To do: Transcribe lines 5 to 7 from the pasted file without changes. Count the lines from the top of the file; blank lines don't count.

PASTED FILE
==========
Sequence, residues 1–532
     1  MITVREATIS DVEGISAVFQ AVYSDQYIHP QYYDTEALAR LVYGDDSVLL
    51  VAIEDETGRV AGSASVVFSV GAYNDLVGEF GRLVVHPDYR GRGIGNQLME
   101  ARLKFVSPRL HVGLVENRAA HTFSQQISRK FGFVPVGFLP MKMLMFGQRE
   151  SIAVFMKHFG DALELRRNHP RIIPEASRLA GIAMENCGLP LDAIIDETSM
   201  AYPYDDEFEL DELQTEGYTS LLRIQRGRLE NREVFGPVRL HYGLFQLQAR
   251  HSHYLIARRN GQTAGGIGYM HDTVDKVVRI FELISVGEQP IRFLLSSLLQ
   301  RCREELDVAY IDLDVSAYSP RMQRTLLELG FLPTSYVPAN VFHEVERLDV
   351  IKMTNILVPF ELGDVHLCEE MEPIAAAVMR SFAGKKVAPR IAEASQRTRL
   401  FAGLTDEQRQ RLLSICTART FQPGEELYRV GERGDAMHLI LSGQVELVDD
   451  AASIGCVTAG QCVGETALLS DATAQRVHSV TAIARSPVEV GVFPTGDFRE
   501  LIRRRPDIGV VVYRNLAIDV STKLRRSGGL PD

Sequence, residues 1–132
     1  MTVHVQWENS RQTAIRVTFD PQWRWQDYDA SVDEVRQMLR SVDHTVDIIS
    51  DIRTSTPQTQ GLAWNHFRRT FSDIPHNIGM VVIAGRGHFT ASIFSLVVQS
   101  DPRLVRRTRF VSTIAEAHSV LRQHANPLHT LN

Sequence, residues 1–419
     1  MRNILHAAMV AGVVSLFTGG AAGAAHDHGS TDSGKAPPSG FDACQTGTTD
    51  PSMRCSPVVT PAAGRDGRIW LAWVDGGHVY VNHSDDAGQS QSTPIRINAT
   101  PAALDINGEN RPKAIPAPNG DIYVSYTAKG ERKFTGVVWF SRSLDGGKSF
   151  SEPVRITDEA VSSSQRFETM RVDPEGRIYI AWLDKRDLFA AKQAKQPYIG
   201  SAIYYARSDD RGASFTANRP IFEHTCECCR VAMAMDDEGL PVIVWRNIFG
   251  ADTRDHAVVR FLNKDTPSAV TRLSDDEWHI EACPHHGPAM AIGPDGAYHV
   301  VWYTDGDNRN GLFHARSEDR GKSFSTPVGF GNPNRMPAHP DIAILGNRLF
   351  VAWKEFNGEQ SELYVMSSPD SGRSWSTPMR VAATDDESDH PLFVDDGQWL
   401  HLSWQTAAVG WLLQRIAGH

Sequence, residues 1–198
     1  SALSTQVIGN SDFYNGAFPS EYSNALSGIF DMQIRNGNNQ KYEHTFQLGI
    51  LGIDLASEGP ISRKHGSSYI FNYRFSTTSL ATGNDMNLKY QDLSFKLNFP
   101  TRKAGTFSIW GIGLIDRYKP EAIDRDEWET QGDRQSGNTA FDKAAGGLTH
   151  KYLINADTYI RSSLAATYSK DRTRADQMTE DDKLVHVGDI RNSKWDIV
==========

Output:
   151  SIAVFMKHFG DALELRRNHP RIIPEASRLA GIAMENCGLP LDAIIDETSM
   201  AYPYDDEFEL DELQTEGYTS LLRIQRGRLE NREVFGPVRL HYGLFQLQAR
   251  HSHYLIARRN GQTAGGIGYM HDTVDKVVRI FELISVGEQP IRFLLSSLLQ